Share the experience: Participation is key to effective change.
Get your child as involved as age-appropriately possible in the process of creating their goals and then acting out the changes. You might suggest a few of your own first and then ask your child, even of preschool-age, if there is anything they would like to add to their list of intentions? Additionally you might ask them to provide input on how to increase accountability and how to keep track of actions they wish to turn into habits. I see nothing wrong with a reward chart for little ones. Even us moms reward ourselves sometimes with a new shirt when we drop those last few stubborn pounds. Consider creating a shared family list of intentions as a way to involve the whole family. Lastly, decide to report-out on progress periodically and to celebrate successes as a family!

 

Galit Birk, PhD is a PCI Certified Parent Coach® who walks folks through parenting with wisdom and grace in her private practice CORE Parent Coaching.

 

7 comments on “Parent Coach Galit Birk’s Tips For Creating Meaningful New Year’s Resolutions With Your Kids

  1. Pingback: Tips For Creating Meaningful New Year’s Resolutions With Your Kids | Core Parent Coaching

  2. Great article! I had not really considered doing this with my toddler, but when it’s broken down like this, I think it’s doable. It’s amazing how we can help our kids just by raising our expectations.

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  3. Thank you for the simple but attainable goals! As mothers, I think we feel like we need to tackle everything at once. It’s a nice reminder to catch my breath and focus on a few good things. Thank you always for your insight.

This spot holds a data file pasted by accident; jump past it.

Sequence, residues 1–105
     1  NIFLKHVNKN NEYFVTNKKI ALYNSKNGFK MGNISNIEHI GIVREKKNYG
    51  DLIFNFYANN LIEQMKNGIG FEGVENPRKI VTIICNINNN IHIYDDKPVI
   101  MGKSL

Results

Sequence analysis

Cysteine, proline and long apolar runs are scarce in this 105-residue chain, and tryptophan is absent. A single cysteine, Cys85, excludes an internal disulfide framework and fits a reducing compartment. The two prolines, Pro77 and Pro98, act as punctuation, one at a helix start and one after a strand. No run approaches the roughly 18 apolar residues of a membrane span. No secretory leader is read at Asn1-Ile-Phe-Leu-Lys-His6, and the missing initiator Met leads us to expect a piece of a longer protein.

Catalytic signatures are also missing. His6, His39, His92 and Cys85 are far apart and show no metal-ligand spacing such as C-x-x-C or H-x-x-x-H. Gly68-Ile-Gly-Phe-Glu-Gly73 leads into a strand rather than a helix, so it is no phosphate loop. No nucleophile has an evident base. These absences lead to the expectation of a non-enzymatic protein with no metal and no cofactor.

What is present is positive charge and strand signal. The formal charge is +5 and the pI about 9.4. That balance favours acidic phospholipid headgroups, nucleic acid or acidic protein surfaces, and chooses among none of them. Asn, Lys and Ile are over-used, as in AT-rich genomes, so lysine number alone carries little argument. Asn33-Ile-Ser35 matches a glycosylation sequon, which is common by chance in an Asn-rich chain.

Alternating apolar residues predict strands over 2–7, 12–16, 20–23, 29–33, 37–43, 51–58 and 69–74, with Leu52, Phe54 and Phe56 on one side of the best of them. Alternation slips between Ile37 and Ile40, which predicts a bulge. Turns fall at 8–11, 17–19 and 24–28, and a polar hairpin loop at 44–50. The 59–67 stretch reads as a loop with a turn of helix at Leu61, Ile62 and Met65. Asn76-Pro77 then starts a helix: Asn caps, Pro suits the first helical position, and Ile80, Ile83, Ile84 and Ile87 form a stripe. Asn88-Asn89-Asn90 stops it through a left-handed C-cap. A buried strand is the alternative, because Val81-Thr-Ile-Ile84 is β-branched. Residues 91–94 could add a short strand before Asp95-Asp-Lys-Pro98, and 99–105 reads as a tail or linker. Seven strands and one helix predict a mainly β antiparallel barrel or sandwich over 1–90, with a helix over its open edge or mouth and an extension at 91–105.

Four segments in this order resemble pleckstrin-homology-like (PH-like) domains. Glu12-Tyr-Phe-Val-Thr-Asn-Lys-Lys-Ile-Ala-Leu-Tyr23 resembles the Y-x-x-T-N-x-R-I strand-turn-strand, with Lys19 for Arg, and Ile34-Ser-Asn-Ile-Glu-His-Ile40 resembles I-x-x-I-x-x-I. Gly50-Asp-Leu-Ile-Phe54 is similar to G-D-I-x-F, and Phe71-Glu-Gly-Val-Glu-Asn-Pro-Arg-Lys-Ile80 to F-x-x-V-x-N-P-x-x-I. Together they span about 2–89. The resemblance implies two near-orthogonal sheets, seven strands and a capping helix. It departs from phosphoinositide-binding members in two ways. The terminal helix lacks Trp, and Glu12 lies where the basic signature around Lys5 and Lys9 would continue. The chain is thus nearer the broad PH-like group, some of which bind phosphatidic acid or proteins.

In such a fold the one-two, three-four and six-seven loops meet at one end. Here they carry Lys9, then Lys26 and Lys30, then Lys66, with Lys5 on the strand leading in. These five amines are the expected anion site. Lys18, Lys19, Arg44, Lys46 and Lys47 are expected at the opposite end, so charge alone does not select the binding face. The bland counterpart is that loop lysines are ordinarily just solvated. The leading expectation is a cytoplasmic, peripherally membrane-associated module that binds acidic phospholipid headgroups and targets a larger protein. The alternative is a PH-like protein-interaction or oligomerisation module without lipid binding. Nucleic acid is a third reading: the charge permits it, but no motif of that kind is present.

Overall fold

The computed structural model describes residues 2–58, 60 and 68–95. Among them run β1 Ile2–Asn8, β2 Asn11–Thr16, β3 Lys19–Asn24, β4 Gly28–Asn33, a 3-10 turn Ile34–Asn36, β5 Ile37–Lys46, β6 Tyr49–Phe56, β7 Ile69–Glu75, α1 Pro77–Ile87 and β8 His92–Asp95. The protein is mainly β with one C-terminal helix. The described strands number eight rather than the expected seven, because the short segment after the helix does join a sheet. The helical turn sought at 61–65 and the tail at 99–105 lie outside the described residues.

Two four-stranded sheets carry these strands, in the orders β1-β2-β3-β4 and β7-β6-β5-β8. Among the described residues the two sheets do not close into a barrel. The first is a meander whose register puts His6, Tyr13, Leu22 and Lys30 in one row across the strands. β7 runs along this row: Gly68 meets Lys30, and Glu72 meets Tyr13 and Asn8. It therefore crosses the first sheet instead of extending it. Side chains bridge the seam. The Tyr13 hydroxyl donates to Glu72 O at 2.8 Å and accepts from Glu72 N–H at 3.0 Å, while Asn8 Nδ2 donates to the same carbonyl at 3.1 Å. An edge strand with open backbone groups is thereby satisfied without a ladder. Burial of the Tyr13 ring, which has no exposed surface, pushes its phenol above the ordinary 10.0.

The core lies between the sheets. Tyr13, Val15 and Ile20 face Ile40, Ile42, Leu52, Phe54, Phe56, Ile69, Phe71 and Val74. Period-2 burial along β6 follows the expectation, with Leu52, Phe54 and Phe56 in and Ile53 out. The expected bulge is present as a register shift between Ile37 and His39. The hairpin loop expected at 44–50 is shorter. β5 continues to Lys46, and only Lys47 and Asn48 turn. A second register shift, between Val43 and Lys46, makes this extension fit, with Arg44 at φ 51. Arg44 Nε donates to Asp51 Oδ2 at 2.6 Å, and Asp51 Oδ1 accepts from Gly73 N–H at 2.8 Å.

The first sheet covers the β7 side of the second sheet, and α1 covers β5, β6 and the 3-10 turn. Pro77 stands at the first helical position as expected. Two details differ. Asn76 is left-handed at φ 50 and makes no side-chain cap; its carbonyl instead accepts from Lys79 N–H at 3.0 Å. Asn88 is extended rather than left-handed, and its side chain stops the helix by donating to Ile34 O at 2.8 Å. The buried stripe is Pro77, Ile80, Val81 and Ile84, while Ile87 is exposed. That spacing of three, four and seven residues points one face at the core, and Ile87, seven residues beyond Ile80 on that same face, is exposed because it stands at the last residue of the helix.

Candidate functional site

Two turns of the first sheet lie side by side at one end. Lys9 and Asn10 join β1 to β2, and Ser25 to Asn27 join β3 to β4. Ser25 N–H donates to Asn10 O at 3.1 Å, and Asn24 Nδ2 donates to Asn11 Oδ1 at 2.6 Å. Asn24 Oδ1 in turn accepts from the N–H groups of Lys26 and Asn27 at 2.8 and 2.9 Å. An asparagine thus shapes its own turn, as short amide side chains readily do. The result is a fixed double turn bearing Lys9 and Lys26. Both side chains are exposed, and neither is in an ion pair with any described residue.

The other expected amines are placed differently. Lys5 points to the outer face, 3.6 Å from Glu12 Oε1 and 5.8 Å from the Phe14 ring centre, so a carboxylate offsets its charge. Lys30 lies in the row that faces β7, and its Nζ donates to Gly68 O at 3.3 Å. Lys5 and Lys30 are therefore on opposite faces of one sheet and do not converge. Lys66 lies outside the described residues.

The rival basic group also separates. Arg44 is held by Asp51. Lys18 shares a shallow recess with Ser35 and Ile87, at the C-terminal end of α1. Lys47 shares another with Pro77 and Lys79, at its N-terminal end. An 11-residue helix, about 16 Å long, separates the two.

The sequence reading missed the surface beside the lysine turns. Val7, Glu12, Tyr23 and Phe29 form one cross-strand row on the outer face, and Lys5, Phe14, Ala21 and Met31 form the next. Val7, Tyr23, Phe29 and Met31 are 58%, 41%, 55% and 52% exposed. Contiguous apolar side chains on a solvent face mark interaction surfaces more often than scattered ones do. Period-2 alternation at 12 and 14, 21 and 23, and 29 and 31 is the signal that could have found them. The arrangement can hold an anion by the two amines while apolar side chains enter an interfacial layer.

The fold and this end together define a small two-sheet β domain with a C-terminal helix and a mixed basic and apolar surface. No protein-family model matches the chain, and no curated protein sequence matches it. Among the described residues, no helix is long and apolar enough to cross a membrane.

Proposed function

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  4. Great and valuable information. Really important to find a way to keep practicing what the author, Galit Birk is recommending so that those ultimately become new habits. I also greatly appreciate the significance of parent Self Care; if our batteries are not charged we end up running on empty & then have nothing to give.
    The question is: How do we keep this knowledge in our conscious mind and make these practices habits? What I believe works is engaging a coach on an ongoing basis in our life. Even the best athletes have coaches, even after they had earned a gold or a platinum medal. Why not us as parents? If I wish to continue being a gold medalist of what matters to me in my life, and parenting is absolutely one of the most significant aspects of my life, why not have a coach? Do the athletes fire their coaches once they have won the game? Hiring a Parent Coach is one of these investments where you the investment is minimal but the Returns are huge! Once you experience the value of coaching you don’t want to give it up, it just doesn’t make sense! Thank you Galit.